The teaching or catechesis that the church practices aims to form persons brought to faith by the Holy Spirit and baptized in the trinitarian Name into the new obedience to Christ. If you want to see the moral imperatives of living the new life in Christ look at any Catechism from “The Way of Life and the Way of Death” in the Didache to the Explanations of the Ten Commandments in Luther’sSmall Catechism to the moral teachings in the new Catechism of the Catholic Church. These teachings aim to form the moral life of Christians.
Ethics is taught in Lutheran seminaries, not moral theology. So it’s no wonder that we gravitate toward justice issues rather than moral formation. The difference is subtle, but I think ethics aims to establish principles of the good and to establish strategies for bringing about what is good. Morality aims to form good persons.
To be sure, the moral life formed by the teachings of Jesus has a bearing on the Christian’s life in society. But Jesus’ teaching means going beyond “doing justice.” It entails a consideration of the Christian moral response to this-worldly situations.
Doing justice means ensuring fairness. For example, the administration of capital punishment in Illinois was considered unjust because it was unfairly practiced. Illinois citizens, beginning with our current Governor, were right to say, “We cannot have any more executions in this state—at least not until we get the system working right.” Some might justly argue that it is not possible to have a fair system, given the basic inequities in our society, so capital punishment should be abolished as a form of justice. Remember that justice requires punishment for crimes and the death penalty has been one form of justice. Christians in society might vote to abolish the death penalty. But Christians still worship before an object of execution on which was hung a man unjustly sentenced to death and they proclaim it as the world’s greatest good. The cross also exemplifies Jesus’ teaching about giving up one’s life for another. Life before the cross forms a life of self-sacrifice.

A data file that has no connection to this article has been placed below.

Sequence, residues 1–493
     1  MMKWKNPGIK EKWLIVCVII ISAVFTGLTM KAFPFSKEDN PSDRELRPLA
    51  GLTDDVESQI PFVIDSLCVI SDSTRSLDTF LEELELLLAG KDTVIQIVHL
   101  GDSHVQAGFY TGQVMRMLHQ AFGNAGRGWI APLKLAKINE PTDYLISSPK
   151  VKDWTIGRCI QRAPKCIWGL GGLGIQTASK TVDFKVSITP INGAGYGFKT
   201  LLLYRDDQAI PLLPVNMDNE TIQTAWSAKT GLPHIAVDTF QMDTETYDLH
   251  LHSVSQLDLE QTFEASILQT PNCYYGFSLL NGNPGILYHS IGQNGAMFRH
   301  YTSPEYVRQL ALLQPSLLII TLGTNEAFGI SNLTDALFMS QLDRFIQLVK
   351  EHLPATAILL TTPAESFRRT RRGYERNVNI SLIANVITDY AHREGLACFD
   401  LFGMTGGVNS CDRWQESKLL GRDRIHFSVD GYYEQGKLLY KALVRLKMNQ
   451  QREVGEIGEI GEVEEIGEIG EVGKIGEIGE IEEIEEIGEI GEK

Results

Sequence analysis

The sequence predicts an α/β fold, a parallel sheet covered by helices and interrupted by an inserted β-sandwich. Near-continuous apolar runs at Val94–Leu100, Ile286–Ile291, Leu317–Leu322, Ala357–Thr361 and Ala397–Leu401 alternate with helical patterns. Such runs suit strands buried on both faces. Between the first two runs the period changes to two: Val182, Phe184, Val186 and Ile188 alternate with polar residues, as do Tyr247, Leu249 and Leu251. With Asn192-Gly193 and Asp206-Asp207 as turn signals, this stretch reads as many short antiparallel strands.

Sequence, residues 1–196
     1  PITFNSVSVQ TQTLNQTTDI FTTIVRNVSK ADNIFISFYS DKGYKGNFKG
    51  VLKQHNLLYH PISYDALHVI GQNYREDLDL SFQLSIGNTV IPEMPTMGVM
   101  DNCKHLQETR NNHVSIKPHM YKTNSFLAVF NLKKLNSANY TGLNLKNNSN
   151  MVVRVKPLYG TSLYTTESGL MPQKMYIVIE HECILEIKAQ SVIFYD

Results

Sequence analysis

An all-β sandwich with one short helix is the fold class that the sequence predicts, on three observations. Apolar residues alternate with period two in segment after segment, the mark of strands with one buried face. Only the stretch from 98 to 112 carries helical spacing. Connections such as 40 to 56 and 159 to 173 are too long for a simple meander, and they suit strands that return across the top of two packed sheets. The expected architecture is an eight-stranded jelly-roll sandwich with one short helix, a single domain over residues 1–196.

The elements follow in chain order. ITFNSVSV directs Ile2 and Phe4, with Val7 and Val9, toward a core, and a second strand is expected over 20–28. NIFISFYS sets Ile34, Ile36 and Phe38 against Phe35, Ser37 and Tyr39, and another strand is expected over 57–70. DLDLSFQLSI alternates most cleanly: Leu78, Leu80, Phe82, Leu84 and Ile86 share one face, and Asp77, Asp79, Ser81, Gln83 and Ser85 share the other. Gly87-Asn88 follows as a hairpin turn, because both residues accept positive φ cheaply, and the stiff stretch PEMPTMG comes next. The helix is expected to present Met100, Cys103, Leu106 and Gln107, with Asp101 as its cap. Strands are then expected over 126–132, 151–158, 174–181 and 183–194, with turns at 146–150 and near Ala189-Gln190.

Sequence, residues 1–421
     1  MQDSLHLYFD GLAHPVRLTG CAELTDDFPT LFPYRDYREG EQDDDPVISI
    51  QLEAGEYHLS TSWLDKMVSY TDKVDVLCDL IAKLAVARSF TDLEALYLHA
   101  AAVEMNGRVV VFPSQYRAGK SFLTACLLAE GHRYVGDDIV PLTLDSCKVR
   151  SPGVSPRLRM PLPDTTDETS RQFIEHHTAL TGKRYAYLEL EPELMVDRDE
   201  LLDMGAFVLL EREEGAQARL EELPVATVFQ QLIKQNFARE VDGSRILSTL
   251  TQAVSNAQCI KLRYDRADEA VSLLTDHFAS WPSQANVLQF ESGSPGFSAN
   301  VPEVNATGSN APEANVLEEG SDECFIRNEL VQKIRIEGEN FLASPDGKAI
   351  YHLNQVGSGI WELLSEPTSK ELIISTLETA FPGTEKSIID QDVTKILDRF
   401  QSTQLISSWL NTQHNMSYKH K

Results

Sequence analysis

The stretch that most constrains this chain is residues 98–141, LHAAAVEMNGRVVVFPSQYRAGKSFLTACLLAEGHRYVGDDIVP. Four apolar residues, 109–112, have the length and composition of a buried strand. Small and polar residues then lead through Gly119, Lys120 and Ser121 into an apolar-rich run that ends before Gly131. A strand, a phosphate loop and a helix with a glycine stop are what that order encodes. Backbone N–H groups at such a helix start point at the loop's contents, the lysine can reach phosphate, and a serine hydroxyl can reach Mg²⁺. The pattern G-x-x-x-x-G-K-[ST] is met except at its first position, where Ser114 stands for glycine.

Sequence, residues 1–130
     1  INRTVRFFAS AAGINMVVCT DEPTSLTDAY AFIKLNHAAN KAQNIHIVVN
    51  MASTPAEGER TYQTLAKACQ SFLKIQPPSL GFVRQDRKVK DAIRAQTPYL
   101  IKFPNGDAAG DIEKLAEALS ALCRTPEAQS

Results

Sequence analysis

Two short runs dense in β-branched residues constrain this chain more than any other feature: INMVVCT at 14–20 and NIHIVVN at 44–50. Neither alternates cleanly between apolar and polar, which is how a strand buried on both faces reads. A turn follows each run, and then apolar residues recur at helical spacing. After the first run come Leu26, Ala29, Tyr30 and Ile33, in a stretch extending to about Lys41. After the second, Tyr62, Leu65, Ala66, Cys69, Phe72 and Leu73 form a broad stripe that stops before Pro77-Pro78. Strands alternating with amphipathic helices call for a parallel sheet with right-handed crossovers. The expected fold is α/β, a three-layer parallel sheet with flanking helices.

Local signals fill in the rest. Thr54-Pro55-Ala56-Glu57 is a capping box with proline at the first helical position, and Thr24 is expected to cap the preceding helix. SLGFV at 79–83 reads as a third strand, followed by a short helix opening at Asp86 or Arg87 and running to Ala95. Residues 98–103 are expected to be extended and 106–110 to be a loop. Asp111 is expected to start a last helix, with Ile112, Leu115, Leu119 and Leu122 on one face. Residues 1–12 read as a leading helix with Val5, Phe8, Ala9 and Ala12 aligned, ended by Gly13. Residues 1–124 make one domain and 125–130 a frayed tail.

This last statement reminds us of the fact that doing justice for women with unwanted or hazardous pregnancies means (according to the U. S. Supreme Court) making abortion available as an option for all who want it. But Christian moral teaching holds that life is holy because it belongs to God. Human beings have no authority to take away human life. The Christian mother might very well risk sacrificing her life for the life of the child in a risky pregnancy or be willing to raise the child produced by an unwanted act of violence. Some Christians, like Stanley Hauerwas, contend that this moral precept must be extended even to personal self-defense against aggressors; the Christian simply does not kill.